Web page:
ACMA decision on 2GB augers well for 2CC

It was a tough end to last week for Harbour Radio Pty Ltd, licensee of 2GB, with three different matters coming to a head to trouble the board and senior management.

Firstly there was the revelation that the NSW’s chief law officer Greg Smith is threatening to sue their top rating morning host Ray Hadley for defamation over comments he made on 2GB last month which, Mr Smith alleges, defamed him by falsely suggesting he treated accused paedophiles favourably.

Second, the station has failed in its Federal Court bid against ACMA to overturn new rules requiring presenters to disclose, on air, all the deals they and their employers have with advertisers. Justice John Griffiths dismissed Macquarie Radio’s application for a formal judicial review of the rules and ordered the company to pay ACMA’s legal costs.

And, as we reported separately, ACMA has found 2GB breached the codes in failing to check the accuracy of ‘facts’ put to listeners – in this case by Alan Jones when he declared that “human beings produce 0.001 per cent of carbon dioxide in the atmosphere.” Scientists consider the true amount to be around 3 per cent.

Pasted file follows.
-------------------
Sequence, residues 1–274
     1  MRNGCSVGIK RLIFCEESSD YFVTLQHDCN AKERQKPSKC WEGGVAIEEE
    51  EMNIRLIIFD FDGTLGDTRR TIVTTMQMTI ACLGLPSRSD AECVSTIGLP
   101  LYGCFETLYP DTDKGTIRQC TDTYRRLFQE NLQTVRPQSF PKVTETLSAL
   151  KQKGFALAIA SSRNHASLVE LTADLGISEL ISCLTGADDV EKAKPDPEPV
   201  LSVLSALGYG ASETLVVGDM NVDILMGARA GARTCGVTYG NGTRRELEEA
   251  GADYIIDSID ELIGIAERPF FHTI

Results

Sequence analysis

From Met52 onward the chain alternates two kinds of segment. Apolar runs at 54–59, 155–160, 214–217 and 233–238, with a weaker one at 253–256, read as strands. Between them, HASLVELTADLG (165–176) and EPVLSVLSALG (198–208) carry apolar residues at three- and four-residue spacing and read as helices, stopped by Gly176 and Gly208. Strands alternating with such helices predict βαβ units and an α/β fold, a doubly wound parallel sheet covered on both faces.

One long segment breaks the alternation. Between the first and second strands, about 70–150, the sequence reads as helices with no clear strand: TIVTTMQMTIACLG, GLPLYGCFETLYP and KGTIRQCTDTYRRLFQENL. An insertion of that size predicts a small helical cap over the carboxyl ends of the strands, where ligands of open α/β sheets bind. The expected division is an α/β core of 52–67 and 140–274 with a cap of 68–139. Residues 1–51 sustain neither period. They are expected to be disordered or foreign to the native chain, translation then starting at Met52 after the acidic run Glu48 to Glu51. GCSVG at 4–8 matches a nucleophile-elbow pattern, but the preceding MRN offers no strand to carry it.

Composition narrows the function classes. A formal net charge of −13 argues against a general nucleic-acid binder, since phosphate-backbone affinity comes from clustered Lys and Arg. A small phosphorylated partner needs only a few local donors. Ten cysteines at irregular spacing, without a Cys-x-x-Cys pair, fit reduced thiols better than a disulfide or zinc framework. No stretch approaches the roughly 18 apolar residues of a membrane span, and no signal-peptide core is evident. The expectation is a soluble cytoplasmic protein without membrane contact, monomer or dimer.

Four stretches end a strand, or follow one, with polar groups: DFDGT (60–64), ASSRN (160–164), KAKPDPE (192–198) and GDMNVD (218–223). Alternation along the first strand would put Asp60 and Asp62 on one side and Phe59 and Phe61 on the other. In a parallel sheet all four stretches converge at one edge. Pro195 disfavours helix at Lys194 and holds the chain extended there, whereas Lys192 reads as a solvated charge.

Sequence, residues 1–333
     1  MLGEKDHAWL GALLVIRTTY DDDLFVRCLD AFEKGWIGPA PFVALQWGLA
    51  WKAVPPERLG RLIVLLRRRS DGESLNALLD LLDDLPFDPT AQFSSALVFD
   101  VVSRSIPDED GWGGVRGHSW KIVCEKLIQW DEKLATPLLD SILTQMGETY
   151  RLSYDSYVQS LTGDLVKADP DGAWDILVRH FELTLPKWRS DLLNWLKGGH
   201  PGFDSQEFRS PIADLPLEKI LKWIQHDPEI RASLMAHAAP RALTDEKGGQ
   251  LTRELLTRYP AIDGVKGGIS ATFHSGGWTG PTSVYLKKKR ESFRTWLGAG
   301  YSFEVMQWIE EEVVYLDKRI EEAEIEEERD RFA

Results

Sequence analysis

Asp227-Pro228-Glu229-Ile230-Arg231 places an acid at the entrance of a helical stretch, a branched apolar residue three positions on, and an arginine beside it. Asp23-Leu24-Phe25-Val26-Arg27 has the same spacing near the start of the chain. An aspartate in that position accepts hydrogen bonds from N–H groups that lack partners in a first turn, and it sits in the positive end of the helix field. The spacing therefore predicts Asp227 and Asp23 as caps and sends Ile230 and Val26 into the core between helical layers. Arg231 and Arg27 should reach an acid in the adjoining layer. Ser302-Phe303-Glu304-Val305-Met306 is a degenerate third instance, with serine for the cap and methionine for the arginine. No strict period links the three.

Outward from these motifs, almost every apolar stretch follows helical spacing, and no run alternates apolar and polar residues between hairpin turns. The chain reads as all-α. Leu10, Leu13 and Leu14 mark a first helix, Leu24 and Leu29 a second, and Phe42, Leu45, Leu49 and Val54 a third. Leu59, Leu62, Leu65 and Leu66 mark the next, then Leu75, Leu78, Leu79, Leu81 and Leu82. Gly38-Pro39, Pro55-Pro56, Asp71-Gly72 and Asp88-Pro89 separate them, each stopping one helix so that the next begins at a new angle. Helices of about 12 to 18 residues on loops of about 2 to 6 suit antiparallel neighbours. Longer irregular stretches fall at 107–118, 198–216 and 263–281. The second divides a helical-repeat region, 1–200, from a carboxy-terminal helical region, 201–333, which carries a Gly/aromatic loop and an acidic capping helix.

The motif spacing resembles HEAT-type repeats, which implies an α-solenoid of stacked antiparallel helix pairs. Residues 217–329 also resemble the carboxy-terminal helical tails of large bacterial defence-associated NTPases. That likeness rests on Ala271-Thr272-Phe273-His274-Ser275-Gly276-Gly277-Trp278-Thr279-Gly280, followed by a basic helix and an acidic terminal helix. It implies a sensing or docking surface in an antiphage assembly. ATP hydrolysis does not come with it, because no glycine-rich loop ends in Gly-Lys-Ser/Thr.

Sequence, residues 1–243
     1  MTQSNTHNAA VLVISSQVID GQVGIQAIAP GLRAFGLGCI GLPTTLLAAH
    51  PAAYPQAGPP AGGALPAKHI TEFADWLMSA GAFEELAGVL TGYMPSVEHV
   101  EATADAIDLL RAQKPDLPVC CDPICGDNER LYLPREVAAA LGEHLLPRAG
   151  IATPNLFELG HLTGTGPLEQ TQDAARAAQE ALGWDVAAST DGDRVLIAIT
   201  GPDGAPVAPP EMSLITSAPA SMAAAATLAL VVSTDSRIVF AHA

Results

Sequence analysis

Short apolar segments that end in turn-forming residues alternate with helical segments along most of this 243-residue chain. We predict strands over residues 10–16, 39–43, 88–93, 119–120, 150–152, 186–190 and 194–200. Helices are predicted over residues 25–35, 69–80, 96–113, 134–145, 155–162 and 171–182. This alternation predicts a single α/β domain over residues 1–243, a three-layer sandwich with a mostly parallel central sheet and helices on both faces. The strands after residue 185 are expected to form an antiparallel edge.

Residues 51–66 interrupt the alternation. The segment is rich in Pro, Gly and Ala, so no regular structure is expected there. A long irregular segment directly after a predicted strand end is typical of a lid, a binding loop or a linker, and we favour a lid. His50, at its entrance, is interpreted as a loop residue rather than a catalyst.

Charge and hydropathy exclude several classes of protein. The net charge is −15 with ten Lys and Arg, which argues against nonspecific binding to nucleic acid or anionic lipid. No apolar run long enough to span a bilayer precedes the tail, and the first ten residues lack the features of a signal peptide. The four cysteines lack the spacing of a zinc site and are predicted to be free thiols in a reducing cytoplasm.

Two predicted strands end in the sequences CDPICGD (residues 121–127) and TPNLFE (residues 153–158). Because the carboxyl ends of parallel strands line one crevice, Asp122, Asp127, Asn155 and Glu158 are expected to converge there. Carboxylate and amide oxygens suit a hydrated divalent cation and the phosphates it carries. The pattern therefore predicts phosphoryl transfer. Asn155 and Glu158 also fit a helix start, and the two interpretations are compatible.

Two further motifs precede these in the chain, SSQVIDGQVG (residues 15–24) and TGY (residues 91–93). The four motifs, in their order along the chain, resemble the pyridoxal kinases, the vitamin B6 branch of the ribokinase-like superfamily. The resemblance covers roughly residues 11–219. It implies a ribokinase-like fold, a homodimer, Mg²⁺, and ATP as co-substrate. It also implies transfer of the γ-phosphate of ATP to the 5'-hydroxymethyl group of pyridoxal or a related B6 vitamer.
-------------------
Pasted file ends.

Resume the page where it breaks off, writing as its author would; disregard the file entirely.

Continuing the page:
ACMA also found that 2GB had, on several occasions, failed to comply with the codes’ complaints-handling provisions.

But 2GB did win a number of other battles, with ACMA. Firstly in regards to presenting “other significant viewpoints,” ACMA found that the station fulfilled its obligations by allowing views that Mr Jones chose not present in his program to be heard on other programs, such as Chris Smith’s afternoon show.

The other major win was in regards to Mr Jones well-publicised comments in regards to Julia Gillard, Clover Moore and Bob Brown that they should be “Put in the same chaff bag and thrown out to sea.”

While many observers found these remarks offensive and beyond the pale, ACMA found that “While Mr Jones made very disrespectful and disparaging comments about the Prime Minister and others in public office they did not amount to a breach of the prohibitions on: broadcasting indecent material: inciting violence or brutality or inciting intense dislike, serious contempt or severe ridicule on the grounds of gender or disability.”

No doubt this ruling has given some comfort to the Capital Network, owners of 2CC, Canberra where on Wednesday last week announcer Jorian Gardner made the suggestion during the station’s breakfast show that Communications Minister Stephen Conroy should wear a “penis cam” during cabvarchar(15) meetings so he could film up the skirt of Prime Minister Julia Gillard. In the context of ACMA’s chaff bag ruling, this too should escape an adverse finding.

More over, Program Director Pete Davidson, perhaps with the onerous 2Day Licence Conditions in mind, well understood that any penalty ACMA imposed would be on his station and not on Gardner. By his decisive action in immediately suspending the announcer and publicly calling Gardner’s remarks “not acceptable,” Davidson probably did much to ameliorate any future action by ACMA.

Neither Pete Davidson or anyone at 2GB were available for comment.